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The Measurement and Properties of Divergent Thinking Ability as a Single Compound Entity

G. M. Seddon
Journal of Educational Measurement
Vol. 20, No. 4 (Winter, 1983), pp. 393-402
Stable URL: http://www.jstor.org/stable/1434955
Page Count: 10
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The Measurement and Properties of Divergent Thinking Ability as a Single Compound Entity
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Abstract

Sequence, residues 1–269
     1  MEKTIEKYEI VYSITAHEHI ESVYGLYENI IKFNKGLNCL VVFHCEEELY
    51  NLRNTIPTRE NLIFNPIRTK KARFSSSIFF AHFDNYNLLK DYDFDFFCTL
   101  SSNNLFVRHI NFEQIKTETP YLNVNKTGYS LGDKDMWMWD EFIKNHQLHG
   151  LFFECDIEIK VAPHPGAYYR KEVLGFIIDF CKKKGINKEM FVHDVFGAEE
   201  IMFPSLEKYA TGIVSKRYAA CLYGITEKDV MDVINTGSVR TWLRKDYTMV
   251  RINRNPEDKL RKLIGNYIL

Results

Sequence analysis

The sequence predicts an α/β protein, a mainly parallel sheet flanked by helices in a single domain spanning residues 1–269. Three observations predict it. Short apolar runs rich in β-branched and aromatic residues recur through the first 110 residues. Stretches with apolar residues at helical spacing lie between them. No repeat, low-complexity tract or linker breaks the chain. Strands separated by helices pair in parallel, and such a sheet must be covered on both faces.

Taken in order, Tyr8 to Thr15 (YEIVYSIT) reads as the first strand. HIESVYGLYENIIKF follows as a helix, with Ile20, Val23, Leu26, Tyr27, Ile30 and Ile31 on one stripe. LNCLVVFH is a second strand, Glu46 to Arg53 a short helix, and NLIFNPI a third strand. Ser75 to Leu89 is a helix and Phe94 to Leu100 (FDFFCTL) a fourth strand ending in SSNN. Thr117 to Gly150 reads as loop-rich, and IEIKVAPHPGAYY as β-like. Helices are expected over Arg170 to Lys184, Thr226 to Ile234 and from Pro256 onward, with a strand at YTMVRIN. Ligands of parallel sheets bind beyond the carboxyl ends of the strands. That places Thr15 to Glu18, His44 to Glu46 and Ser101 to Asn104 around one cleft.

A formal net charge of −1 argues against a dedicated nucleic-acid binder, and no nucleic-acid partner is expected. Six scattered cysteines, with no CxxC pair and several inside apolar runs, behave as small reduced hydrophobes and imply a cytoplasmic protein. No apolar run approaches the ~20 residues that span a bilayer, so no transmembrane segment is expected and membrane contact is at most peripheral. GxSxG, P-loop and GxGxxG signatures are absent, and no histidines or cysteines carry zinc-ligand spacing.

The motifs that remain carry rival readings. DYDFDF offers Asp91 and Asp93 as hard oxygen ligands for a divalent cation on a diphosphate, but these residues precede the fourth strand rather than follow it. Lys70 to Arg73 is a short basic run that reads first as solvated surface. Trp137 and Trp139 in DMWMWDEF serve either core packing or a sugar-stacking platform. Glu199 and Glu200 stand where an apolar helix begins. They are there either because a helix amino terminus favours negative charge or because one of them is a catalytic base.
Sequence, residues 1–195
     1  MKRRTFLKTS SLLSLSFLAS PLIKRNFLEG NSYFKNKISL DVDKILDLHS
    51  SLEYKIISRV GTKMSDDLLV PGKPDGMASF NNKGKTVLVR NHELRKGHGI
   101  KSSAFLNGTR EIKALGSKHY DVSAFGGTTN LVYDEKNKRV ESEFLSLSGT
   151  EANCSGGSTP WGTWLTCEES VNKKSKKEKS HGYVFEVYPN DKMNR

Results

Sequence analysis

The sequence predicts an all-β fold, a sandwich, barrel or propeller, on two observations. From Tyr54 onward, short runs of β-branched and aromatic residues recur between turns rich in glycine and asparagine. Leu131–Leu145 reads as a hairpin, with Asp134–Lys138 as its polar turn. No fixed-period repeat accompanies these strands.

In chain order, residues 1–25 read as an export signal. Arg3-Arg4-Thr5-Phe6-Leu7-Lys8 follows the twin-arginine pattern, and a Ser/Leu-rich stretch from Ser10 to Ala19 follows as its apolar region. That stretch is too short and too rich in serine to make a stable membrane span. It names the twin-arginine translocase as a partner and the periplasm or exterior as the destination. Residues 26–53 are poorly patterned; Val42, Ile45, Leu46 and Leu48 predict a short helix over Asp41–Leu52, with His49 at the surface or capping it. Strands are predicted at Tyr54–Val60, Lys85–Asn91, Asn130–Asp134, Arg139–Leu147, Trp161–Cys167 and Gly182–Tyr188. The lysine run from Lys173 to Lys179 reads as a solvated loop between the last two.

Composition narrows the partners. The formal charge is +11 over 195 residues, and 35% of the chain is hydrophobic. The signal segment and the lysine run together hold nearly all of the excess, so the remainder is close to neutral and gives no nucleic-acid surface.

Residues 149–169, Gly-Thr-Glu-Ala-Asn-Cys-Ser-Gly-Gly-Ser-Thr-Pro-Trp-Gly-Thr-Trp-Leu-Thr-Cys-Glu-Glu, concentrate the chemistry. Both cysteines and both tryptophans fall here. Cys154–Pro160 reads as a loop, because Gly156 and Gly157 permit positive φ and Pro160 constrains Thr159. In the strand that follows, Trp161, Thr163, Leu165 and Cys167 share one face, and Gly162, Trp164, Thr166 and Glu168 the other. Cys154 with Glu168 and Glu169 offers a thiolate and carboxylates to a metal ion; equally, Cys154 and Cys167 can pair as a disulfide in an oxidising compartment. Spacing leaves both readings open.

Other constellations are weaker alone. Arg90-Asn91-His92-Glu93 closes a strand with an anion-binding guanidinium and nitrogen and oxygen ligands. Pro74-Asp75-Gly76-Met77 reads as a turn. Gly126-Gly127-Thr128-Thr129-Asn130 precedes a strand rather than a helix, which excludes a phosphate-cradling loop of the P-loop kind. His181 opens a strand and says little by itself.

The paper describes a method of deriving two alternative measures of divergent thinking ability as a single albeit compound entity from the responses students give to the open-ended questions that are traditionally used in tests of divergent thinking ability. The measures are justified theoretically in terms of the mathematical properties the measures must have to comply with the way in which divergent thinking ability is defined in terms of fluency, flexibility, and originality. In a subsequent empirical investigation, these measures of divergent thinking ability were found to be psychologically distinct from three measures of convergent thinking ability. They also have an underlying trait common to different questions that are used to measure divergent thinking ability.

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